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Police officers released from hospital after hazmat scare

Other than a combination of household cleaning solutions, no other harmful substances have been identified at this time, according to a DeKalb Police spokesperson.

DEKALB COUNTY, Ga. -- Three police officers who had been hospitalized Saturday afternoon after responding to reports of a deceased person inside a Memorial Drive hotel were released Sunday morning.

DeKalb Police spokesperson Shiera Campbell said the officers were kept overnight for observation before being released.

The incident happened on the third floor of the United Suites hotel at 4649 Memorial Drive.

Three police officers were overwhelmed by "a strong chemical odor" in a hotel room as they responded to reports of a dead body at the United Inn and Suites on Memorial Drive in Decatur on Saturday, May 12, 2018.

According to Campbell, the officers had called for medical assistance after they entered the hotel room. The officers had been overwhelmed by a strong chemical odor in the room, which caused them to feel nauseous and light-headed.

The third floor of the hotel was evacuated as a precaution while DeKalb County's Fire-Rescue Hazmat unit investigated the fumes.

"There’s something in there that made those officers sick," said Lt. Eric Jackson of the DeKalb County Fire Rescue Department.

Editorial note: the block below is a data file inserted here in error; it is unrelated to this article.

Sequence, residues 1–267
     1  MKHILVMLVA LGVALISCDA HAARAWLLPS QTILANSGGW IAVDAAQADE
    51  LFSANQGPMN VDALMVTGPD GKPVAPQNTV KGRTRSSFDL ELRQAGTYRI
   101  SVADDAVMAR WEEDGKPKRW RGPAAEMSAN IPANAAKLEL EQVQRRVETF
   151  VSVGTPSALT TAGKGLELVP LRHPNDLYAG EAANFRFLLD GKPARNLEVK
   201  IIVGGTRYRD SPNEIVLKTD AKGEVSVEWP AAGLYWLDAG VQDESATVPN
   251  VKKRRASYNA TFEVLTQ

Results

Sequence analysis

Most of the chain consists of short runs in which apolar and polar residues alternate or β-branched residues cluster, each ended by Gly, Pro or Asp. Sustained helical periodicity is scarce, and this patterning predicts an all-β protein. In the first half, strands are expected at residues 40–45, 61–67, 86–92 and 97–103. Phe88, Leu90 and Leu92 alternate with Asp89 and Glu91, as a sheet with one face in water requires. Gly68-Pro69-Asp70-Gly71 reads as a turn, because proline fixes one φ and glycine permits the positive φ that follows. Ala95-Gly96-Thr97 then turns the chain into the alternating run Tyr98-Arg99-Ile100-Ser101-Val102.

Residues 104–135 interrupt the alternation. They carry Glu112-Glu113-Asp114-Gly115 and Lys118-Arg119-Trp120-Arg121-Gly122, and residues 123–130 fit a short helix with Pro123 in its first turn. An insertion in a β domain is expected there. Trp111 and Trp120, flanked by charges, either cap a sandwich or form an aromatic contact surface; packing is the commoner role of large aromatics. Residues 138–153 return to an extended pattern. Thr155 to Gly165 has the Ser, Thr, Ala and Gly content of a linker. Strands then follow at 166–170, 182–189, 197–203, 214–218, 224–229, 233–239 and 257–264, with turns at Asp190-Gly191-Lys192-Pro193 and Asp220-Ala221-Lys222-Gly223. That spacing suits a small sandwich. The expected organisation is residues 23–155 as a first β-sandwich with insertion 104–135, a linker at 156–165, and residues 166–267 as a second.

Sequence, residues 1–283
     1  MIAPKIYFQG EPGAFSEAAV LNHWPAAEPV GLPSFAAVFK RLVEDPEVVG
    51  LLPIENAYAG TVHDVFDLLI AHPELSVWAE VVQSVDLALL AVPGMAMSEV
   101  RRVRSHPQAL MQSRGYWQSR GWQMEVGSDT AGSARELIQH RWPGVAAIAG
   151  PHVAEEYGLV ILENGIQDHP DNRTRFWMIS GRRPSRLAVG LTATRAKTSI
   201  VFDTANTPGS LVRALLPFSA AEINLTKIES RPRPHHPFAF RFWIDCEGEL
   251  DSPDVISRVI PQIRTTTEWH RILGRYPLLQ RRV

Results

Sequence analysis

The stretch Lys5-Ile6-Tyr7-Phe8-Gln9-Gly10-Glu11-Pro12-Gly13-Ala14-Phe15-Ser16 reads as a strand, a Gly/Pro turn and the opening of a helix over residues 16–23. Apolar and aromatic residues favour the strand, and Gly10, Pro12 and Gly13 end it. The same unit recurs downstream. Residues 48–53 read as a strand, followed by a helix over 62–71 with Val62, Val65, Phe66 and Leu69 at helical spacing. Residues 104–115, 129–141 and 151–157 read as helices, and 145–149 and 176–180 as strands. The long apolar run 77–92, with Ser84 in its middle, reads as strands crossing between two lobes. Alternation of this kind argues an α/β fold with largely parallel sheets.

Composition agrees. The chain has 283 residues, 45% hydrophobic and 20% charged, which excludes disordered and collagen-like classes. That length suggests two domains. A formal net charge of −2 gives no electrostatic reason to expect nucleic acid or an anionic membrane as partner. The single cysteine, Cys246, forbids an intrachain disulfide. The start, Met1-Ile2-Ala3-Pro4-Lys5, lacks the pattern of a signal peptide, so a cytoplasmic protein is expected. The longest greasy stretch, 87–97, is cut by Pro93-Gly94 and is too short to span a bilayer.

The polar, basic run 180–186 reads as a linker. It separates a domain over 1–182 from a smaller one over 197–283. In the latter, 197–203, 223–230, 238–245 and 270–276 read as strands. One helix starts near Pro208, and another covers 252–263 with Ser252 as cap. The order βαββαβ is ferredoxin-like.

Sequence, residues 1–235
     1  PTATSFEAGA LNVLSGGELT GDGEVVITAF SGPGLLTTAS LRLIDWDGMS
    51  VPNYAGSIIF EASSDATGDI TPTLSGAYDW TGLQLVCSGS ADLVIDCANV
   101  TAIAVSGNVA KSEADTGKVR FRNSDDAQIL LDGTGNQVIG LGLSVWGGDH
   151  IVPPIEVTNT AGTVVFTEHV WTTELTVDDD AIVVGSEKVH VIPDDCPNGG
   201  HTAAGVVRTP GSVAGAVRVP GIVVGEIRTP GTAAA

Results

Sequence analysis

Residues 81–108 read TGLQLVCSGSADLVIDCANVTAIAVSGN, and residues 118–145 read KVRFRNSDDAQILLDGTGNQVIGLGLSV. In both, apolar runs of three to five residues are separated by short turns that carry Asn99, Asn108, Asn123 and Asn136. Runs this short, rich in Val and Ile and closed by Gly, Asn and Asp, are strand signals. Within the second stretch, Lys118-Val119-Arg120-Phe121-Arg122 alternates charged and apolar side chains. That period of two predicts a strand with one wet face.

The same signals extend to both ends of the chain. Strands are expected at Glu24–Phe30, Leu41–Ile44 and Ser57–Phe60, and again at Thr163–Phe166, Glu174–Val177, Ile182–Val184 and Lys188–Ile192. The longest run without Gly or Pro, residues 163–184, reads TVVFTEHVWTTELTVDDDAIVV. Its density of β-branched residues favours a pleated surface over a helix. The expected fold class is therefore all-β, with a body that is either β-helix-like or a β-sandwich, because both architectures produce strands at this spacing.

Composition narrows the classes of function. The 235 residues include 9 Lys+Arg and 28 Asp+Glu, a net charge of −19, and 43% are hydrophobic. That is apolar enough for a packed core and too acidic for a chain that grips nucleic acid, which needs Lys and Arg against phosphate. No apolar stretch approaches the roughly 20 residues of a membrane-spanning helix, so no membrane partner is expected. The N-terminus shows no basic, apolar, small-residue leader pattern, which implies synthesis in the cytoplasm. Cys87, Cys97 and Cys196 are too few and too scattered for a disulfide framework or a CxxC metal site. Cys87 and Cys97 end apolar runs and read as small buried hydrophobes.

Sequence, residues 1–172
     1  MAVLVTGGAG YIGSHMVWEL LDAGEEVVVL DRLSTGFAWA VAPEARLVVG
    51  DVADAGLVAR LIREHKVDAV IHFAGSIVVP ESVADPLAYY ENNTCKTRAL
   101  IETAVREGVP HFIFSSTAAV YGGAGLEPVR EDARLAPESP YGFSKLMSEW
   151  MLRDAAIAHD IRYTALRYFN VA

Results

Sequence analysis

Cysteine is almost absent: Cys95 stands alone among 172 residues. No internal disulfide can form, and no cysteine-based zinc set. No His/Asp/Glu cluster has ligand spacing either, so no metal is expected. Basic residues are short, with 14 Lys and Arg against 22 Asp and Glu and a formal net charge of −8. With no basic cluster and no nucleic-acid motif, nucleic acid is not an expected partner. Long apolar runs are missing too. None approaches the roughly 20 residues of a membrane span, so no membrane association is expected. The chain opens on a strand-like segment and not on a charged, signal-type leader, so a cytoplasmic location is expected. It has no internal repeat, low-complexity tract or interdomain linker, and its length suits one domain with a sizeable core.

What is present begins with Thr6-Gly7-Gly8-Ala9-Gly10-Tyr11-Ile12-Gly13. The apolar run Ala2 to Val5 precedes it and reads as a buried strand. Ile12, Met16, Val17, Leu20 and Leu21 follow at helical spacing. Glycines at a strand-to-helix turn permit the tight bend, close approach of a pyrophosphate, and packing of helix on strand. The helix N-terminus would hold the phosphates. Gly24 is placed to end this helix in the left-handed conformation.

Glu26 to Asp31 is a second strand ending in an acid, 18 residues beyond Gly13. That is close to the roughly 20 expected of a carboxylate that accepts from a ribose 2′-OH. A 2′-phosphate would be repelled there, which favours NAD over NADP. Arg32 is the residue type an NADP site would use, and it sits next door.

The DeKalb County Police has contacted the Federal Bureau of Investigation to help identify the chemical substance.

According to Campbell, other than a combination of household cleaning solutions, no other harmful substances have been identified at this time.

The deceased is reported to be a male, but no details have been released as to his cause of death.

Homeland Security officials were also called in to investigate.

Guests staying at the motel spent much of Saturday outside of their rooms.

"Right now we have a dead body in the room but we can’t make any determination of cause of death until they have cleared the scene," Campbell said on Saturday.

The hazmat scare did not impact nearby businesses, and Jackson said there was no public health hazard.

The medical examiner had to take special precautions to not only go into the room, but to also remove the body and take it to the lab.

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